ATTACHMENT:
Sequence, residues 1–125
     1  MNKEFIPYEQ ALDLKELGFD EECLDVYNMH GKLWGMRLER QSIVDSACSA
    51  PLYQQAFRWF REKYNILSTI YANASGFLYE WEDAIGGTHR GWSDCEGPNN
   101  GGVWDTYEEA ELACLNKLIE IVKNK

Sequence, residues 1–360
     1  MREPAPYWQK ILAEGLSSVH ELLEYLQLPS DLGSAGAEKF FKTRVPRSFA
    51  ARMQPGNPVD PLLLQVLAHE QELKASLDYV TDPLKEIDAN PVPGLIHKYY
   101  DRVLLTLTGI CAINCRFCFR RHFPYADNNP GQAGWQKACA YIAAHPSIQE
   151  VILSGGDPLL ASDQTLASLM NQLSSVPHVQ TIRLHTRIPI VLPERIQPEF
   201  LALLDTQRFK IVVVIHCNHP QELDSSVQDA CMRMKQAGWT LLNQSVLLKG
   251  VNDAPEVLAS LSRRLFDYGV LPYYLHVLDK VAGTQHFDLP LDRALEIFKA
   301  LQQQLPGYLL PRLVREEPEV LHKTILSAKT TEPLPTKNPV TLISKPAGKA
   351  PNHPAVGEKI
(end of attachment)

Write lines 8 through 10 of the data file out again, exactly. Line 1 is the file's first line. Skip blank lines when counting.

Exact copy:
   101  DRVLLTLTGI CAINCRFCFR RHFPYADNNP GQAGWQKACA YIAAHPSIQE
   151  VILSGGDPLL ASDQTLASLM NQLSSVPHVQ TIRLHTRIPI VLPERIQPEF
   201  LALLDTQRFK IVVVIHCNHP QELDSSVQDA CMRMKQAGWT LLNQSVLLKG